Celebrating Desert Wanderings

I don’t do very well with in-between times. I don’t like waiting, especially after sensing God’s leading in a certain direction. It doesn’t make sense to me why sometimes God doesn’t speed up the process. His timing is, so often, not mine.

I have been reading through the book of Exodus with my children this year. We’ve studied the miraculous saving of the baby Moses, his own exile to the desert, his encounter with the Great I Am, his return to Egypt and then we read about the plagues, the Passover and Israel’s final departure from Egypt.

But we realized that God doesn’t lead his people straight to the Promised Land. As if reading this for the first time, I stumbled out loud over Exodus 13:17-18.

 When Pharaoh let the people go, God did not lead them on the road through the Philistine country, for that was shorter. For God said, “If they face war, they might change their minds and return to Egypt.” So God led the people around by the desert road toward the Red Sea.

God leads his people to the desert because they weren’t yet ready for war. They had a lot to learn before they marched around the walls of Jericho with Joshua some forty years later. They needed to understand the nature of this God who led them with a pillar of cloud by day and fire by night. They needed to trust in God’s provision of food and water for them daily. And they needed to receive his law in order to know the holiness of God and just what he required of his people.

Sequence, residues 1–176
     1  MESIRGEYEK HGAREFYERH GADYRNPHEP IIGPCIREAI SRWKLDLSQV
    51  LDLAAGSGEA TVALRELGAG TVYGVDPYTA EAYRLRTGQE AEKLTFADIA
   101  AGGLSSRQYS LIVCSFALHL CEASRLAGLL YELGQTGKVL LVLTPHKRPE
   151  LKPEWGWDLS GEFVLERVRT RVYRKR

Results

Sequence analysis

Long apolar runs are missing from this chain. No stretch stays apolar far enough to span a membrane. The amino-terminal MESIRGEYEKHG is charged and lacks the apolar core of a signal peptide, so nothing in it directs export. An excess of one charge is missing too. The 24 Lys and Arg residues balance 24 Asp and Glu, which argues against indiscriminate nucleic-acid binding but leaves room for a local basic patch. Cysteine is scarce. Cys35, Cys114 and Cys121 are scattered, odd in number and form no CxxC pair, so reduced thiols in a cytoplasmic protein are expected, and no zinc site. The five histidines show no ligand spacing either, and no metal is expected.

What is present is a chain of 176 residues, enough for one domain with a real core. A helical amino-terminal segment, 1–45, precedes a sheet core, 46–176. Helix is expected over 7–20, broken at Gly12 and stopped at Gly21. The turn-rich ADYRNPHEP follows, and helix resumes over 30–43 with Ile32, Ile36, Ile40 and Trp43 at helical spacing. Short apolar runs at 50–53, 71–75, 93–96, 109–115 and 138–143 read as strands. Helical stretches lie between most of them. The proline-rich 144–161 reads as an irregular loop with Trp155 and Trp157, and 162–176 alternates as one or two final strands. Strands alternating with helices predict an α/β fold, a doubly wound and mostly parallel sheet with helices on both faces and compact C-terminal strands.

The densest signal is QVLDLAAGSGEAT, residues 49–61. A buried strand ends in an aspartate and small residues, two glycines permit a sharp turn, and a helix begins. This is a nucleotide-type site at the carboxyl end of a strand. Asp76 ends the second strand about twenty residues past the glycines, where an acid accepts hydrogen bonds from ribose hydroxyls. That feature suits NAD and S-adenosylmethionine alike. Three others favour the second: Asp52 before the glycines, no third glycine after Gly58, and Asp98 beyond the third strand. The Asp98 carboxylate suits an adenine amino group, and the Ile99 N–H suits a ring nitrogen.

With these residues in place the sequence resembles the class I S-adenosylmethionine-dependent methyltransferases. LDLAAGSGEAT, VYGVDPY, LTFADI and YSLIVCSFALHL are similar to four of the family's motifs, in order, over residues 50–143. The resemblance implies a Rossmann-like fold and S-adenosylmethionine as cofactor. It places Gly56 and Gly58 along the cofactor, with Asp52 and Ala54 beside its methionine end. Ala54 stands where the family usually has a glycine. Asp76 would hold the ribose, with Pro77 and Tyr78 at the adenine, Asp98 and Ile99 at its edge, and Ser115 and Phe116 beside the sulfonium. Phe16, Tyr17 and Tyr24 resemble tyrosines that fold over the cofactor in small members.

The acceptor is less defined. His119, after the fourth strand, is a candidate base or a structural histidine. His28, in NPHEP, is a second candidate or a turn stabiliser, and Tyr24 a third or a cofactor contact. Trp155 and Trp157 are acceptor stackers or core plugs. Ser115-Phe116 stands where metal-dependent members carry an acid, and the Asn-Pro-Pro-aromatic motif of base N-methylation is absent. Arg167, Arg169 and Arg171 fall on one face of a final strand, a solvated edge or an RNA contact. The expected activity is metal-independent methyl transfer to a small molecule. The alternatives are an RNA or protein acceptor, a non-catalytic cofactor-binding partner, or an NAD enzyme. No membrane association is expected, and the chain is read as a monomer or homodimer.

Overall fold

During this time in the desert the Israelites did not settle down in order to live there permanently, but lived in tents, or booths. It was a time of in-betweens where God’s people were already delivered (from Egypt) but not yet living where God intended them to (The Promised Land of Israel).

One of the commands given to Moses by God (yes there were more commands than just ten) was to celebrate a yearly feast to the LORD called the Feast of Booths, which celebrated the LORD’s provision for and presence among the Israelites during their desert wanderings. (See Leviticus 23)